“You can’t go around building a better world for people”

“You can’t go around building a better world for people” July 28, 2010

For an explanation of what Weatherwax Wednesdays are all about, read the introduction post

This week’s Discworld quote comes from Witches Abroad, which is, among many other thing, a retelling of the Cinderella fairy tale. In the story, Granny Weatherwax and her companions are pitted against a more conventional fairy godmother, who is intent on scripting a happy ending for the characters.

‘We’re the other kind [of godmother],’ said Granny. ‘We’re the kind that gives people what they know they really need, not what we think they ought to want.’


‘You can’t go around building a better world for people. Only people can build a better world for people. Otherwise it’s just a cage.’

At first glance, this seems like an argument for an entirely hands-off approach to character development [the virtues kind, not the authorial kind].  Resist people imposing roles on you, constraint is intrinsically stifling, be who you want to be, etc, etc.

But Granny clearly doesn’t trust our wants.  The roles we would choose are not the roles we ought to play.  The roles that Granny Weatherwax rejects are the ones that fit too comfortably.

It is Lily, the conventional, storybook godmother who offers to preserve us as we are. The happy endings she promises are perfectly tailored to us and fit like swaddling blankets.  To be treated as complete in ourselves is infantilizing and eliminates the possibility of growth.

Granny can’t build us a better world without building better people to populate it; flawed people cannot and ought not be at peace.  An endless, numbing stasis is the best paradise we could hope for, lulled to sleep by the endless whisper of “you’re perfect just the way you are.”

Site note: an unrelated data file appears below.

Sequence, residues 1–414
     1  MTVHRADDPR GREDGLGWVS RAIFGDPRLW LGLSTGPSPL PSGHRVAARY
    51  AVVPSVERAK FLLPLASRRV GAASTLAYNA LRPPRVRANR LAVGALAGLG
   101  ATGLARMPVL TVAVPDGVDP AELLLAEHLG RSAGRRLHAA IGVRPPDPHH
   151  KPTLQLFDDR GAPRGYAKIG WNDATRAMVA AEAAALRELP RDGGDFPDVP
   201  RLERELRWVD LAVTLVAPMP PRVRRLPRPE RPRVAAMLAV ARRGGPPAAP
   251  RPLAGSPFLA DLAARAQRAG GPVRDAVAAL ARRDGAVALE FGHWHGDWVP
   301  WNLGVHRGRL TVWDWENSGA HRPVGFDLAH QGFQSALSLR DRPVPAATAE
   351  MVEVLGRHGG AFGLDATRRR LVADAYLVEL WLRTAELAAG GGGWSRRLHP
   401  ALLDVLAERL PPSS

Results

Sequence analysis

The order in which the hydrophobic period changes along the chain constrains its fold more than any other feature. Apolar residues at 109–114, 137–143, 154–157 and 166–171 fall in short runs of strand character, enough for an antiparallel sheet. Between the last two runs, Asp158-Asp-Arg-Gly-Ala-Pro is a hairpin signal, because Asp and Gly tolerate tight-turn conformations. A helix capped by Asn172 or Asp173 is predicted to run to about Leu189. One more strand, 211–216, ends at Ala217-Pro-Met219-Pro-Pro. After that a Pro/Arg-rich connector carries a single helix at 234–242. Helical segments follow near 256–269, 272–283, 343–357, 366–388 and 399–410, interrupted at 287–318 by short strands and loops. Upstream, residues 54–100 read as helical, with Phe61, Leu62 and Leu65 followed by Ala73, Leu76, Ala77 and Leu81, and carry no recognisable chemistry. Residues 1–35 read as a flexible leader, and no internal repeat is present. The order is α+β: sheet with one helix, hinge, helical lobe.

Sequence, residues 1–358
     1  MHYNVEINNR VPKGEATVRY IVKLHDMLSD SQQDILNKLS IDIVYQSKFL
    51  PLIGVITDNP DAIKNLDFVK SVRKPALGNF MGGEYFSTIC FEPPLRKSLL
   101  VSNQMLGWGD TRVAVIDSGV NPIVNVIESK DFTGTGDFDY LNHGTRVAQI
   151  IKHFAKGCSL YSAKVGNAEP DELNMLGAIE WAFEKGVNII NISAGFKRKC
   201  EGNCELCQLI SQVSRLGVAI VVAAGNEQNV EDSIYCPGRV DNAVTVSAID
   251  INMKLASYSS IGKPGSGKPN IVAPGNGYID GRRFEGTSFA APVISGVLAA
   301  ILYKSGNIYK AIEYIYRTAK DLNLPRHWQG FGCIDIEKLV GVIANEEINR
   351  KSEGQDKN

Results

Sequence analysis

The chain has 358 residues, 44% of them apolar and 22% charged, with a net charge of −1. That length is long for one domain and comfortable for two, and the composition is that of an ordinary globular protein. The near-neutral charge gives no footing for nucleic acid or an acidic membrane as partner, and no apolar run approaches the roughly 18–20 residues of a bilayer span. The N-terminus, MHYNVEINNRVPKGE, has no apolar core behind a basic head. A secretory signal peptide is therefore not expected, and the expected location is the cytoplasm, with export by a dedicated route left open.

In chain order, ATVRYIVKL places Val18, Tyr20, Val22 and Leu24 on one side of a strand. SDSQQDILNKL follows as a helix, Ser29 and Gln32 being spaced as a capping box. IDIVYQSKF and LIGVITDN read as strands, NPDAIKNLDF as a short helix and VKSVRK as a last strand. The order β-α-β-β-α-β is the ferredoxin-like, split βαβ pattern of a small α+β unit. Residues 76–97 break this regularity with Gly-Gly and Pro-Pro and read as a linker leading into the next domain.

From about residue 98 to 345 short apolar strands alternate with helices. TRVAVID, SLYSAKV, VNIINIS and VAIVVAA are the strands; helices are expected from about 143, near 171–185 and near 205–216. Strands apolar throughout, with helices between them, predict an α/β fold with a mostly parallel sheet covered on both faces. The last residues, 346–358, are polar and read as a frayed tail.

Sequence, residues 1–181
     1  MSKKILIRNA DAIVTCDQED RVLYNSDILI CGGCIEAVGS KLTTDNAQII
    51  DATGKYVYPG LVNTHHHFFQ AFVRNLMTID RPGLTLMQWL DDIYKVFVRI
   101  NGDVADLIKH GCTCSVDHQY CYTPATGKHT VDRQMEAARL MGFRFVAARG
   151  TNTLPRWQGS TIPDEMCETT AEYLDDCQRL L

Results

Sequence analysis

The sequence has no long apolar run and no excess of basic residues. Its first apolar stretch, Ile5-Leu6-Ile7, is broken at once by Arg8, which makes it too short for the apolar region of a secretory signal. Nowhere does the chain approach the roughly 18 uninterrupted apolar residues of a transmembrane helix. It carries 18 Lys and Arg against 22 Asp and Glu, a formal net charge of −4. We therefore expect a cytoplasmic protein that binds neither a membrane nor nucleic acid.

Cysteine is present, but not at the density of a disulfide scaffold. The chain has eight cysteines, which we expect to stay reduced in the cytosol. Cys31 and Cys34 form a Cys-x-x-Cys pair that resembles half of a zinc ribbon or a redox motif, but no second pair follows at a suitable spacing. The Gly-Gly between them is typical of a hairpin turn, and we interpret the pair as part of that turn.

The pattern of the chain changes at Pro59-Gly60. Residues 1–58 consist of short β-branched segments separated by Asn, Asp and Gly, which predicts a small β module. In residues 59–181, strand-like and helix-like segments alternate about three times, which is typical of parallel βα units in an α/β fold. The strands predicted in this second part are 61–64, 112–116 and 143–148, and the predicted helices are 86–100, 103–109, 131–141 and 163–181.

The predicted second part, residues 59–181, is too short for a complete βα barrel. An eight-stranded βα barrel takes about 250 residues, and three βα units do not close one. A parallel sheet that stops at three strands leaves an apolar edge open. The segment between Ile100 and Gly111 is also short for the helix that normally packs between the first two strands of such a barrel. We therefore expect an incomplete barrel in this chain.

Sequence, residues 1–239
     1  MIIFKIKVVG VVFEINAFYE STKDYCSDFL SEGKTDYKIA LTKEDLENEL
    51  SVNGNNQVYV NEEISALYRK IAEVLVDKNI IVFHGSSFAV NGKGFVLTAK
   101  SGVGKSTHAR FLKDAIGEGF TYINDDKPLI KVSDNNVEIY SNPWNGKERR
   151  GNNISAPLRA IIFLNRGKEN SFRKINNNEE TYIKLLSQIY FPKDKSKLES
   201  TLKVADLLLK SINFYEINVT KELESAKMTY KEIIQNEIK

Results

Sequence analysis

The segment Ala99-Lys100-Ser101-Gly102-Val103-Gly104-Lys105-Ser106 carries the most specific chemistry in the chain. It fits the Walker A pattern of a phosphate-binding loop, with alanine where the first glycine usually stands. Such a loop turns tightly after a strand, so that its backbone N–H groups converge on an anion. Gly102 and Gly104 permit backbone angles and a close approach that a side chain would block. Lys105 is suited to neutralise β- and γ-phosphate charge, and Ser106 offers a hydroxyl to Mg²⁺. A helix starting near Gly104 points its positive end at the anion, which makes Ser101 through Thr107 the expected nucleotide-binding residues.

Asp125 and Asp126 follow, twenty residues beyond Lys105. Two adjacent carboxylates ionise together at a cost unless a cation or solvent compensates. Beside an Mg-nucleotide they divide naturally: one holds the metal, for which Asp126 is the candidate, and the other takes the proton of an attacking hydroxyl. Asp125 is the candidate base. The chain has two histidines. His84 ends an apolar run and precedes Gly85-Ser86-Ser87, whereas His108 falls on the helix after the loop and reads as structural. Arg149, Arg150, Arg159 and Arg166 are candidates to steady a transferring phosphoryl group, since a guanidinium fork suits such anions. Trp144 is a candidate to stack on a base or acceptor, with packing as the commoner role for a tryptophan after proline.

Instead of a utopia, we require a crucible. 

Granny-as-godmother reminds me of an episode from C.S. Lewis’s The Great Divorce (you can read the passage here, but you ought to buy the book, which is excellent).  A man is tormented by a demon but is so used to its presence that he cannot imagine how his self would survive its destruction.  He balks when an angel  offers to throttle it.

Lily the good fairy sees our flaws and offers us roles that will allow us to coexist with them in bearable compromise.  Hard-hearted Granny, in contrast, threatens us with a terrifying freedom.  Like Lewis’s angel, she sees the worst in us, looks us in the eye and asks “May I kill it?”

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  • Madelaine

    Are you advocating Granny's opinion simply in terms of an afterlife? In which case, don't most religions advocate something much closer to hard work and sacrifice than coddled laziness anyway?And isn't that a blatantly false and deeply harmful dichotomy in the real world? Existence is and always will be enough of a crucible for pretty much everyone, and too much of one for a whole lot of people, without folks who are in a position to help standing back and waiting for "better people" to populate the better (not perfect – better) world that they are perfectly capable of building for their fellow humans. It sounds like the bootstrap argument. Maybe I just don't buy that we're flawed because I don't believe in the perfection we aren't reaching, so I can only read things like this as statements about "failings" more practical than moral. If the women are gods, eh, fine, and most gods I've heard about resemble Granny anyway (although kudos to her: it's not /our/ wants she necessarily mistrusts, it's /her/ opinion of them). But if we're meant to emulate "hard-hearted" Granny too, then we have major problems and the world would immediately become a better (not perfect) place if everyone sincerely tried to negotiate roles that allow us to coexist in (actually) bearable compromise instead. Getting there will be plenty uncomfortable.tl;dr: false dichotomy and the perfect is the enemy of the good, religious or not.

  • The comment that one person can't build a better world for another person (he has to do it for himself) sounds like a type of theodicy. The trouble is, one person certainly can build a better world for other people. For example, I didn't invent antibiotics, and it has certainly made the world a better place for me. About the need for making "better people," … okay. There are some ways to do that. Children raised in certain types of home environments are more likely to be good people than children raised in other home environments, and it's possible for some of those factors to be controlled externally. "flawed people cannot and ought not be at peace" Who says? So I meet some flawed person (i.e., any person), and I have a way to help him be at peace. I shouldn't do that? Why not? On some theory that he should be perfect before he can be at peace?